Is the US economy heading for a recession? Has an unstable China doomed our own home turf? Headlines on CNBC and our nightly news make it sound like we are heading into a recession, but the real question needs to be whether markets drive a recession or is it something else? A bear market in stocks (meaning stocks fall more than 20%) or even a correction in stocks (meaning stocks fall 10% or more) doesn’t have to coincide with a recession. In fact, the market isn’t what causes a recession. A slowing in our economic growth is the true definition of a recession.
Here’s the good news, we aren’t seeing a slowing in our economic growth on our side, meaning it doesn’t seem like we are heading towards a recession right now. It can be easy to confuse a recession with a stock market downturn. Let’s be honest, it can be boring to talk about the different economic metrics. What is more interesting is to talk about the stock market, and what the media loves even more is providing us with information that scares us. Ultimately, this translates in the media associating a falling market with a bad outlook for the U.S. overall.
That’s not the way that we should look at the markets. We need to take a step back and understand why the markets are falling. Right now the markets are falling due to uncertainties. Those uncertainties range from whether the Fed will raise rates at their meeting this month, to China’s economy stumbling, to the drastic fall in commodity prices. The stock markets are trying to make sense of everything and determine how it will impact companies.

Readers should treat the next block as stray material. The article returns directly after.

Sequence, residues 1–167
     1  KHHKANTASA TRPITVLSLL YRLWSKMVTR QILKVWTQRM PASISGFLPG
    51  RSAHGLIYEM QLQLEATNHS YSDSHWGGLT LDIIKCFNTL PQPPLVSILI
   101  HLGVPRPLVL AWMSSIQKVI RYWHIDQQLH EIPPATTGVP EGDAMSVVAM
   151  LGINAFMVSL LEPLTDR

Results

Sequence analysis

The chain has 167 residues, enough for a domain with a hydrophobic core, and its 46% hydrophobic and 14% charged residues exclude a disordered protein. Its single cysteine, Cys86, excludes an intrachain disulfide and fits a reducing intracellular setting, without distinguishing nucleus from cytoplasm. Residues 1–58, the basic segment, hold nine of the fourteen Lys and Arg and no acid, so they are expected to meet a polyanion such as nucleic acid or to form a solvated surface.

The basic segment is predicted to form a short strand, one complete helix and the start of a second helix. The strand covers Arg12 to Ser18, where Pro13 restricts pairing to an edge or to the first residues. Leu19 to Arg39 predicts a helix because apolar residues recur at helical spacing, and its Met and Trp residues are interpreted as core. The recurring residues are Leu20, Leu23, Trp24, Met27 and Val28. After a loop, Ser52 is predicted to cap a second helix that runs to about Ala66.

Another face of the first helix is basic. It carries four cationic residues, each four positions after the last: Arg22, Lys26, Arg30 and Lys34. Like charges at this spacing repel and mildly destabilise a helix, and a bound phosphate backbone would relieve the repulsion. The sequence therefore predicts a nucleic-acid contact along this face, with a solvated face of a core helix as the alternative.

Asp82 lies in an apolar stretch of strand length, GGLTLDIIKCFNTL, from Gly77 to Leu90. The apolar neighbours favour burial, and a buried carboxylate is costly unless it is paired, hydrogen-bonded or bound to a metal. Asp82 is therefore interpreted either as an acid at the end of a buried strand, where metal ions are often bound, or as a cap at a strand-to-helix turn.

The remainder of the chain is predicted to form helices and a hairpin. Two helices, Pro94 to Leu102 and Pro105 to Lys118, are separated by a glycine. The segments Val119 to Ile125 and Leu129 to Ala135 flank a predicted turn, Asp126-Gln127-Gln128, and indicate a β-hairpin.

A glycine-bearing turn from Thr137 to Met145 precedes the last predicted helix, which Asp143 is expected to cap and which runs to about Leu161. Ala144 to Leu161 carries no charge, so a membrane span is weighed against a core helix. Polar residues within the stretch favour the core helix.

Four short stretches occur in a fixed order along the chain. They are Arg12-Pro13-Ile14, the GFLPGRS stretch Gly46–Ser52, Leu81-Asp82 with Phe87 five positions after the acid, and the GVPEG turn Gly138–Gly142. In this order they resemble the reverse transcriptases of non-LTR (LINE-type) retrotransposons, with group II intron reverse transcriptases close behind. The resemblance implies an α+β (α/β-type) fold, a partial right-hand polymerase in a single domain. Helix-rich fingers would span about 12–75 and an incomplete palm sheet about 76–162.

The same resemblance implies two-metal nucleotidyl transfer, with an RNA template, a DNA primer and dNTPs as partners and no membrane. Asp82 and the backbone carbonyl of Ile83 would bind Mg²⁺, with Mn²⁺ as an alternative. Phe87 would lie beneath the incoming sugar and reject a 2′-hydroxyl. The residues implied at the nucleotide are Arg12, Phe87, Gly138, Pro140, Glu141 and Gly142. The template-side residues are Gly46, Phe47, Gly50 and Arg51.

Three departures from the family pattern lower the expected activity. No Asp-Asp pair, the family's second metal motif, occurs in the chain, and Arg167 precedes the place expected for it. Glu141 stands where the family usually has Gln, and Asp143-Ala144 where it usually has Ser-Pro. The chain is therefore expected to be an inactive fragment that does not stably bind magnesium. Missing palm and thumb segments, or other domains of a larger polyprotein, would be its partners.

What’s interesting is that while we’re worried about the stock market falling because the commodity prices are falling… we haven’t been complaining about the price at the pump lately. Low gas prices are actually a positive for us as consumers. Falling commodity prices are really only bad for those who work within the energy space. If you own land that has oil on it or if you work within the energy sector like at Exxon or Chevron, then falling commodity prices are certainly a negative right now. However, for those of us that are always looking to find ways to reduce our budget a little bit more so we can increase savings, falling oil prices are a great thing!
At Wela, we are always trying to give ideas on how to improve your savings without cutting costs too much. The fall in oil prices helps almost everyone driving a car, truck or SUV do that automatically! While the media might be lumping the troublesome news of China’s struggling markets and the Fed decision in with the falling price of commodities as bad things, ultimately, the commodities portion is good news for us. Falling commodity prices aren’t only a good thing for the economy, but it is a good thing for the stock markets as a whole.
We have looked back over the past 115 years at each of the different stock market and commodity market bull and bear cycles. We found that a poor stock market tends to be associated with a really good commodity market, and the same is true on the flip side. A good stock market tends to be associated with a poor commodity market. Then looking even deeper, we found that energy prices tend to spike right before an economic recession.